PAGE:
In human body, besides derived from foods, GDL is also a metabolite of gut microbiota, thus having the capacity to affect physiological and pathophysiological processes when the intestinal homeostasis is altered. Zhao et al. (2018) demonstrated that fecal GDL increased about twofold in normal human subjects after half-marathon race compared with those before race. A datasets of caecal metabolites of normal diet and high-fat-diet (HFD) mice (MTBLS545) available from Metabolights4 was analyzed and profiled, demonstrating an increase of caecal GDL levels in HFD-induced obese mice (Supplementary Figure 1A; Zheng et al., 2017). Of note, another dataset of metabolomics of mice inoculated with human microbiota available from Metabolomics Workbench (ST0007455) showed that an increase of GDL levels in peripheral blood at 35 days post-inoculation of human microbiota compared with that at 6 days (Supplementary Figure 1B). These results demonstrated that GDL might be a critical mediator between gut microbiota and human health.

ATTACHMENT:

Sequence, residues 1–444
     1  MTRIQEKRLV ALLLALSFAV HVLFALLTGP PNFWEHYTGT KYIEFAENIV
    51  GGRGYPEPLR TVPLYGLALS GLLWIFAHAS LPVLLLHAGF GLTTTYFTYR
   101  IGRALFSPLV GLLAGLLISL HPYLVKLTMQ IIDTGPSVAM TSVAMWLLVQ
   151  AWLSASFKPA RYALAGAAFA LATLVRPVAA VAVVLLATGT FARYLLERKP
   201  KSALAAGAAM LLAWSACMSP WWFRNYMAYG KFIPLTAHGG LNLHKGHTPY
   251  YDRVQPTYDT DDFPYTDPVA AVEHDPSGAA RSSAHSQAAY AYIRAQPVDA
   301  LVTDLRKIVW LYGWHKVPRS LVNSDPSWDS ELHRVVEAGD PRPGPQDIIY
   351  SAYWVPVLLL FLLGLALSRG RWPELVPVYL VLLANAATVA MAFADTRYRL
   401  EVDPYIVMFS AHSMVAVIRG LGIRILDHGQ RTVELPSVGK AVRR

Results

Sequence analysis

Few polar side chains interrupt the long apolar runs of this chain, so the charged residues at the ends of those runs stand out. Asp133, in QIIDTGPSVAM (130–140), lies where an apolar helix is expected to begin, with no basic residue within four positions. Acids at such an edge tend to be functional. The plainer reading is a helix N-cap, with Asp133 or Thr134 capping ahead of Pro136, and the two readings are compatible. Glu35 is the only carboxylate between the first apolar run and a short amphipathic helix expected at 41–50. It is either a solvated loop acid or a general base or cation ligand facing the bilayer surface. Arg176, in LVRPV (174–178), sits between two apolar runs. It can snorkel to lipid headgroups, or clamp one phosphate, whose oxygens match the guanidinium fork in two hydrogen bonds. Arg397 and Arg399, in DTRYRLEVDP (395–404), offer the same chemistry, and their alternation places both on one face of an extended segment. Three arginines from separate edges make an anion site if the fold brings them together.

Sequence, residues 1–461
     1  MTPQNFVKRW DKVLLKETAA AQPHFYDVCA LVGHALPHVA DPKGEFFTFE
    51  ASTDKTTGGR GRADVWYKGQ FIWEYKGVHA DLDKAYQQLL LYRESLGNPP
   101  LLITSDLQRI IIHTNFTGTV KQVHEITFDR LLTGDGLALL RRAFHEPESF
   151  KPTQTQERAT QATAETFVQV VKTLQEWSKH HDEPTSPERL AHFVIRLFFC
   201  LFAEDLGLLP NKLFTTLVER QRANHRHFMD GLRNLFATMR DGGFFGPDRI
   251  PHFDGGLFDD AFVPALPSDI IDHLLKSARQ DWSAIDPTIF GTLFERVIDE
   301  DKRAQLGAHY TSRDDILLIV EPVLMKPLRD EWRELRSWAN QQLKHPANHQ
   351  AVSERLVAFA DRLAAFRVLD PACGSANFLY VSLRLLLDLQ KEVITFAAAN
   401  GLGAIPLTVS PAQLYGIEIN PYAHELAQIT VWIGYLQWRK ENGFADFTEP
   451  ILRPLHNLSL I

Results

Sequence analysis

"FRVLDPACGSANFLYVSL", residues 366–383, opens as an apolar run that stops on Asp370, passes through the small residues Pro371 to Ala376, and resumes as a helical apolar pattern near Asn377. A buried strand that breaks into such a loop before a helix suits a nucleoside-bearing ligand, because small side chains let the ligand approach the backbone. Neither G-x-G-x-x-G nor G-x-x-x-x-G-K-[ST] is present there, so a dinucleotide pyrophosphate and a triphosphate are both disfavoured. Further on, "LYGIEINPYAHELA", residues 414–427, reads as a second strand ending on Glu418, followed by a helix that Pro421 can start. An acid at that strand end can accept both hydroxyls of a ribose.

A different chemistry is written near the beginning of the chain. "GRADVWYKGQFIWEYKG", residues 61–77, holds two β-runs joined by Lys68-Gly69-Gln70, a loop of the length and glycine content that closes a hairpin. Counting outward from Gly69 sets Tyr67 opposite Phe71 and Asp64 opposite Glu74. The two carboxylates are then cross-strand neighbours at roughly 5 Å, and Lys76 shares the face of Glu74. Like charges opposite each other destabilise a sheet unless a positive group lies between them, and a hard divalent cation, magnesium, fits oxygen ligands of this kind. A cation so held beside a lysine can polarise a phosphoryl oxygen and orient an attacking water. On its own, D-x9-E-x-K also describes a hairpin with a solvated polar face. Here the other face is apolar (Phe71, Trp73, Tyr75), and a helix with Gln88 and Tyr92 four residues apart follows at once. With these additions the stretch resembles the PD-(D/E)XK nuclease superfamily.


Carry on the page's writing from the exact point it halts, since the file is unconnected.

D-glucono-1,5-lactone is known as a potent antioxidant mainly for two reasons: (1) GDL is a natural PHA, which is capable of chelating metals and may function as a free radical scavenger (Bernstein et al., 2004); (2) GDL regulates redox balance via entering into the PPP pathway (Wushensky et al., 2018). Supportively, we found that GDL treatment decreased oxidative stress in reperfusion injured mice, which is probably due to the increase of NADPH production and the decrease of ROS production (Figure 3). NADPH is a major component to detoxify ROS by reducing glutathione, and decreased NADPH is associated with the loss of antioxidant activity and the increase of ROS production. Our results suggested that GDL increased NADPH/NADP+ ratio in cardiomyocytes from I/R-injured mice, thereby enhancing cellular ROS-scavenging capacity. However, the detailed mechanism how GDL increased NADPH production needs further elucidation.